landing plane simulator

How to Land an Airplane



wheel explore unexpected
label life saver configuration
gaze attitude reference
stable mission advanced
verify design emergency
invite provide incident
expect aircraft legendary
float staff (2) simulator
airline airliner correspondent
trust ensure operate (2)
legacy identical emergency
bonds failure hydraulic pump
strike throttle any other
go up runway advanced
crew slope (2) demonstration
thick rubber take out (3)
ditch cockpit touch down
flap ensure malfunction
gear in order indicator
brake purposes landing gear
weight attitude degree (3)
screen heading in order to
knot lifetime decelerate
set up ground come down
yoke setting accelerate
aim exciting manual (2)
prior descent at this point
flare altitude autopilot
clear land (3) bring/brought/brought
gentle possible threshold
cross just like make sure
slip reverse nickname
idle aviator approach





The Aviators was made possible by…

“When the unexpected happens, the Life Saver provides one hour of emergency attitude reference, giving you the time you need to land safely. In a mission’s darkest moment, trust Midcontinet Instruments.”

Now for the first time on TV, the stories and reports of people who fly, and the aircraft they fly.

And you are invited in an exciting, house bumping new television series, designed for everyone who has ever gazed skywards, and dreamed of slipping the bonds of Earth. The Aviators.

This week on the Aviators, we take a look at the Russian Mig-15, we explore the legacy of the Cessna brand. We take a look at float training on Canada’s west coast. We talk to legendary pilot, Patty Wagstaff. And we go inside a simulator to learn how to land an airliner.

From Bombury Bay Airport, this is the Aviators.

I’m Jeff Lewis and I’m a staff correspondent with the Aviators.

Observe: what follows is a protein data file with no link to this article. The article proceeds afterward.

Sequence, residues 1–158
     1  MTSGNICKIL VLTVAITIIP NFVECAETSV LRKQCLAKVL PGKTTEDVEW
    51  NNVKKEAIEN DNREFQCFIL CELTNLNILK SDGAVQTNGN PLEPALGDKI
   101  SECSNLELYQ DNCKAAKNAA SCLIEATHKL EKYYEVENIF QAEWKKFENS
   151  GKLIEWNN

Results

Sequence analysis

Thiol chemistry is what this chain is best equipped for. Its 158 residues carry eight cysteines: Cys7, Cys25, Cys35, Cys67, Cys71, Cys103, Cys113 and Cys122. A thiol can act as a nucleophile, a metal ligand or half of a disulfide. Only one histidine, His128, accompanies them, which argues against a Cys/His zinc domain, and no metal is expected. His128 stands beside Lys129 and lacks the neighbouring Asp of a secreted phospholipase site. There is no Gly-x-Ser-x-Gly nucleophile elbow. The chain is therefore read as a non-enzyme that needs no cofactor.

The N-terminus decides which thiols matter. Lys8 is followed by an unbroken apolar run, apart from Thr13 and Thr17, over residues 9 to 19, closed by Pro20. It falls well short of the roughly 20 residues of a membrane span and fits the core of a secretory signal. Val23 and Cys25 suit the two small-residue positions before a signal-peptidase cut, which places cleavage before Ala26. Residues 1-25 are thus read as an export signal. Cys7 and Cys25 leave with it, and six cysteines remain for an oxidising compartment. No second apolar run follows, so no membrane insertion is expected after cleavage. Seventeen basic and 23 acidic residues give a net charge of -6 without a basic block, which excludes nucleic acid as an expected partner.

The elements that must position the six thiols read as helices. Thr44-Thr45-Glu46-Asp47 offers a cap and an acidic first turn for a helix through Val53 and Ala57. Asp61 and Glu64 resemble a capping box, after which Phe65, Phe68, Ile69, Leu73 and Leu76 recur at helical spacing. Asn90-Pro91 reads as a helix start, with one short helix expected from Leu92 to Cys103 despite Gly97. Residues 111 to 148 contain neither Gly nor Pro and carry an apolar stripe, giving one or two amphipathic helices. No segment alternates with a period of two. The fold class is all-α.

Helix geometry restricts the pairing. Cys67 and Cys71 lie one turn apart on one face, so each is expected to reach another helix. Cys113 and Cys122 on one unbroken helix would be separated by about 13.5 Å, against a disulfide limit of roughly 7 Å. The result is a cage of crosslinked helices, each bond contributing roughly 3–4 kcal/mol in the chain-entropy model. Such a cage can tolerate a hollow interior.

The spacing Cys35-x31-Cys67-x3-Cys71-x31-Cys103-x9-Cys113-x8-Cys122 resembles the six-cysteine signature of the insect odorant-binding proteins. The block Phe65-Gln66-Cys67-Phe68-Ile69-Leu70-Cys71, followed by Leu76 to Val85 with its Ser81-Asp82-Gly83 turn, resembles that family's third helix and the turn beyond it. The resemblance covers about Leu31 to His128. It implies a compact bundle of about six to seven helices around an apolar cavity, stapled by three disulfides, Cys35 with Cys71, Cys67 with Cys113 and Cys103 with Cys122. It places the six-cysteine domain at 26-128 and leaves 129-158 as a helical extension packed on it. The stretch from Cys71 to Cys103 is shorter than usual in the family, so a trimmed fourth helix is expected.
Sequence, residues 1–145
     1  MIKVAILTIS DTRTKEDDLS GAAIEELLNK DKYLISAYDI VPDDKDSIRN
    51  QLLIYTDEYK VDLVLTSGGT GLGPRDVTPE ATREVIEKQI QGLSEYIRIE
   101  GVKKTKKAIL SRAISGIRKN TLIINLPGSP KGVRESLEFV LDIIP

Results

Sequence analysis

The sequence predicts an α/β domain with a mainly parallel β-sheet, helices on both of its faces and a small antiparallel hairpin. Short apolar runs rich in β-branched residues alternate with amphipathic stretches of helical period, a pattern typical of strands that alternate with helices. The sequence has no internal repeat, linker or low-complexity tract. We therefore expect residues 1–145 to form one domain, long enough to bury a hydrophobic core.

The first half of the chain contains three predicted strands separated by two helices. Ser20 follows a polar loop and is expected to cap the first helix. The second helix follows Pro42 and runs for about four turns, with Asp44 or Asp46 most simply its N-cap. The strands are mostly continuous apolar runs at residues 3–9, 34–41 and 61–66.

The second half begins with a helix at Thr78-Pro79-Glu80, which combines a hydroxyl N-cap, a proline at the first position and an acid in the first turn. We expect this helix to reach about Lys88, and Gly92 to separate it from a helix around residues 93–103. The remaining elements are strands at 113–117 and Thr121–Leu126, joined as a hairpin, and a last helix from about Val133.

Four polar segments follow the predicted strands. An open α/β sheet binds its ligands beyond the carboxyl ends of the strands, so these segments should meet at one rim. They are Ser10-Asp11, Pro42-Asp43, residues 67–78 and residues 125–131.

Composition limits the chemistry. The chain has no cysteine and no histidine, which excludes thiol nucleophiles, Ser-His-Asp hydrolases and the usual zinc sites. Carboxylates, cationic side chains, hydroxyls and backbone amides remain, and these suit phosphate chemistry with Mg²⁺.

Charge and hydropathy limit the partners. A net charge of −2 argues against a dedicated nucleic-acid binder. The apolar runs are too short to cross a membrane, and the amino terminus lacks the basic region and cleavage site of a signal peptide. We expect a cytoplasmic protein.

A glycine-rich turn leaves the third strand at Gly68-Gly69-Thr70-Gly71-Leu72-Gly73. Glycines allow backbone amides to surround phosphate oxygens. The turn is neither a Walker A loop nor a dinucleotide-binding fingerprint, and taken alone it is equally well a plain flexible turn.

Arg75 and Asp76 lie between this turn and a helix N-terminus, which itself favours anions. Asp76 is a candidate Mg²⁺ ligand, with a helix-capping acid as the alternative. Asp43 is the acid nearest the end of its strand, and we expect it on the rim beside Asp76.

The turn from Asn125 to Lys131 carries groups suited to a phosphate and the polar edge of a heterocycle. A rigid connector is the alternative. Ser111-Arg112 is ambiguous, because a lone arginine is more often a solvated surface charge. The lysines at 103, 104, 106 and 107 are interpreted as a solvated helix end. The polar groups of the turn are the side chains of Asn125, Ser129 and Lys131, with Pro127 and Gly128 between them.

When I’m not on the Aviators, I’m a professional airline captain. Here we are in the Umbrea 190 Simulator, one of the most advanced airliners in the world today.

This simulator operates exactly like the aircraft. The software this simulator runs on is identical to the software run on the aircraft.

In the airline world, we may fly our entire careers without ever having an emergency or incident. However we train every eight months in these simulators for that one day that we’ll never forget.

From hydraulic pump failures, to engine fires, to a bird strike that takes out both engines and we have to ditch in the Hudson just like Sully did, we train for these once in a lifetime incidents or emergencies.

We’re in the simulator here. We’re at about ten miles out final from the runway.

I’m going to show you how to land an airliner.

In the airline world, we usually have two pilots as a crew.

However today for demonstration purposes, I’m going to show you the basics on how to land an airline.

So right now, we’re about ten miles final from the runway, the autopilot, nicknamed “George” is flying. But we’re going to disconnect the autopilot, and disconnect the auto-throttles.

An airliner is just like any other airplane. Flying is the same as a Cessna 150, or any light twin: we have our yoke here; our thrust levels here, which control engine power. Our landing gear and our flaps. And that’s all we need to ensure a safe landing.

Coming out at about eight miles final, I’m going to start a speed reduction. In order to land the aircraft safely on the runway, we have to ensure that the aircraft is at its landing speed when we touch down.

While we’re on the approach, I’ll show you some basics on the umbrea. This is one of the most advanced glass cockpits aircraft flying today. We have our primary flight display, our multifunction display, and our map and systems display here.